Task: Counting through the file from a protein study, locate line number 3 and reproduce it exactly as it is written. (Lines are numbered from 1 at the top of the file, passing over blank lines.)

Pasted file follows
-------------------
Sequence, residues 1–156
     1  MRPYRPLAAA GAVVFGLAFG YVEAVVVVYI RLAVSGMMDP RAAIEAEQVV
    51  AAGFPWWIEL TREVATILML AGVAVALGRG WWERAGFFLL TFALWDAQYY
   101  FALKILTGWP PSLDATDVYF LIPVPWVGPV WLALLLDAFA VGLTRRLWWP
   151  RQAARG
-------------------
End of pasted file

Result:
    51  AAGFPWWIEL TREVATILML AGVAVALGRG WWERAGFFLL TFALWDAQYY